By the time 3:00am rolled around, I was also rolling around in my bunk bed. The ship was pitching and rolling so much that looking out of our porthole, the waves were completely submerging it at times. I would slide down my bed till my feet hit the foot of the bed, and then slide back up again till my head hit the headboard. Some of my room mates found it soothing, almost like being massaged to sleep. Most of us didn’t however. By the time morning arrived and it was time to get up for breakfast, one of my room mates was well on her way to being sea sick. I was still okay and feeling a little dizzy, I went to the bathroom as I thought that having a shower would perhaps make me feel a bit better. I got no further than having a pee. As I was getting ready to turn the shower tap on, a wave of nausea suddenly hit me. Turning the tap off again, I quickly finished up in the bathroom and made a bee line for my bunk bed, picking up a sea sickness bag along the way. Lying down and breathing deeply didn’t help…I would have to use the bag. So I joined ranks with my fellow team mate and was out of commission, confined to my bed with a knot in my stomach…my own sea sickness bags lined up on my bed next to me. Lying there on the bed between dry heaving and desperate gulps of water including a sea sickness tablet that didn’t stay down for very long, I wondered if we were the only one’s that were so sick. Did it so happen that we were amongst the weak? Not possible surely. One thing I did know for sure is that all of the women that had taken on this expedition were very strong and determined people. I lay there feeling like I was in the throes of chemotherapy all over again. I remember I kept on repeating to myself, ‘I so didn’t sign up for this.’
My two other room mates and fellow team members decided that the best plan of action was to go upstairs to the observation lounge to try and prevent themselves from falling into the same sea sickness pit. I would’ve done exactly the same thing, but one of them came back down again and took on the role of Florence Nightingale. She went around to all the team members cabins, handing out sea sickness bags and working with the onboard doctor, eventually handing out medicated sea sickness patches which were like small round plasters that were placed on the skin just behind the ear. What a life saver this plaster was and what a life saver my team mate was! She really came through for us.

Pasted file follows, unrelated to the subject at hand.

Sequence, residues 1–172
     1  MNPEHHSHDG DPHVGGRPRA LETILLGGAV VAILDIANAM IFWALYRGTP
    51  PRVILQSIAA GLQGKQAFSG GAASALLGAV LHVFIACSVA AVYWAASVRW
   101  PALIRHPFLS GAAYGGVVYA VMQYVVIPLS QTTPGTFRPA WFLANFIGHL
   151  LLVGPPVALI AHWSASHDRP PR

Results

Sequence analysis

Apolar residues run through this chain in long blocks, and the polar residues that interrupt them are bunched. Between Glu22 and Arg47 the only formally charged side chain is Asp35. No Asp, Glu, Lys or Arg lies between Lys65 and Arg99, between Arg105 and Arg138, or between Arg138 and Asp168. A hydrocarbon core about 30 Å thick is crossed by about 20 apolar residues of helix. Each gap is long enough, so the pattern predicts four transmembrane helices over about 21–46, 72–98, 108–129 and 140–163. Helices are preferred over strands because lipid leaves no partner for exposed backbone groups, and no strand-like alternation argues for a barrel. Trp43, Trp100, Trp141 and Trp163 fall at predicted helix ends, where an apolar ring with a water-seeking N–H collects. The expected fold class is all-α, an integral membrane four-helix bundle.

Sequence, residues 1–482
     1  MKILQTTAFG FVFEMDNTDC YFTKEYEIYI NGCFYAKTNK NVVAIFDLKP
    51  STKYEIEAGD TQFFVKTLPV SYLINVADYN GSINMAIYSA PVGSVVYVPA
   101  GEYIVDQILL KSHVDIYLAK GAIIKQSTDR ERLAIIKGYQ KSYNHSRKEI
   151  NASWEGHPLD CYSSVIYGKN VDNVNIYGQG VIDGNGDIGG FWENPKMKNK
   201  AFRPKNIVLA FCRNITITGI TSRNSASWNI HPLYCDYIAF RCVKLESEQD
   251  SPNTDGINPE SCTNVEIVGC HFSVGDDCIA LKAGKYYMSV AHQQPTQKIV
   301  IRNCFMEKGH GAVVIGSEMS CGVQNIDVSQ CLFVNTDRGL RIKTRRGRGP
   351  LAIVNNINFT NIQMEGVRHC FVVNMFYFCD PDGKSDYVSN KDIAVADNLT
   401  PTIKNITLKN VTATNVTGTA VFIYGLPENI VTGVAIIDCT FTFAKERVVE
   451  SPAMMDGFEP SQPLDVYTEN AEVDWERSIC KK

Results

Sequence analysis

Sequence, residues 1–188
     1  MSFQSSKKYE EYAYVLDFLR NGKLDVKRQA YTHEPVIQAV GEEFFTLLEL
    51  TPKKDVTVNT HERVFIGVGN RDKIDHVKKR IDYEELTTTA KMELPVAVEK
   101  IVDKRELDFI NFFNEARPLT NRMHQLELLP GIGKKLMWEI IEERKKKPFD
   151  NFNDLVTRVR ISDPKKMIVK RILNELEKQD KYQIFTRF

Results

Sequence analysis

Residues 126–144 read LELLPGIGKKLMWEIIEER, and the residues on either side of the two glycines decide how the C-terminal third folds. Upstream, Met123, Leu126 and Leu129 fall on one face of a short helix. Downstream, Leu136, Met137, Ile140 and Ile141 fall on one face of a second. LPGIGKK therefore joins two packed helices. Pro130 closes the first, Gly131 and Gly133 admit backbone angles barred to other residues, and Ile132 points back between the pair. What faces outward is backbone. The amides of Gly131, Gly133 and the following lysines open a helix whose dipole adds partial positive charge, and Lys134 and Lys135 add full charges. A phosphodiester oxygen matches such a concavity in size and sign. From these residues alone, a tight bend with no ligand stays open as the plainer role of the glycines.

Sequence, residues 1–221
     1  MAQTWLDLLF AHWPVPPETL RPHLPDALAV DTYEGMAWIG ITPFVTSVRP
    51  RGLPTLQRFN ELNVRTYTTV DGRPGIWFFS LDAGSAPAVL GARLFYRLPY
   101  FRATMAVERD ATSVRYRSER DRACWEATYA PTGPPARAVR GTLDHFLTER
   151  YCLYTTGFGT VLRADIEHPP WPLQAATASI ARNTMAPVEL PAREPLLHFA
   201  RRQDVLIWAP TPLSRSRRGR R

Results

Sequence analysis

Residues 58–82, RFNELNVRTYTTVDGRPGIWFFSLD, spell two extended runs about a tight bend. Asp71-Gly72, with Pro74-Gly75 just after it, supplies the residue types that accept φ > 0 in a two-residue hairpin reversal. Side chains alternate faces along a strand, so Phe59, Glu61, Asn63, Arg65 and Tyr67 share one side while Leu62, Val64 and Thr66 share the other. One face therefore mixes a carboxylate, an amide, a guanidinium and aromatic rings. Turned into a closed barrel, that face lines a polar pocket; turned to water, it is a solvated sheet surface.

As the medication started to kick in and I began to feel better which was about 2 hours afterwards, I decided that I would attempt to get up, pull myself together and try to make it upstairs to the observation lounge. The first couple of times, I made it to the base of the first of three flights of stairs I’d have to negotiate to get there and then turned back around and headed back to my bunk bed with my tail between my legs realizing that I wasn’t ready yet. Eventually 4 hours later, I got to the base of the 1st flight and felt I could make it. I started up, but the ship was still being thrown about by the waves and that was when I very quickly realized what the banisters on all the staircases were for. These staircases were very steep… steeper than fire escapes and I clung onto those banisters for dear life, nearly losing my grip at one point. If I had lost it I wouldn’t be lying to you if I said I could’ve broken something…if not my neck on the way back down again.
At last I made it up to the observation deck ahead of my other very sick room mate who was still in our cabin down below nursing serious nausea. It felt so good to be back in circulation again and it was light and open up there. After saying hello to a few fellow passengers, I made straight for the coffee bar where I made myself a cup of black tea and made a bee line for the ginger biscuits. After eating and drinking something I felt much better and was officially back on my feet again and rearing to go.
It turned out that my room mate and I weren’t so weak after all. 90% of the passengers, including our team leader had fallen victim to the dreaded Drakes Passage.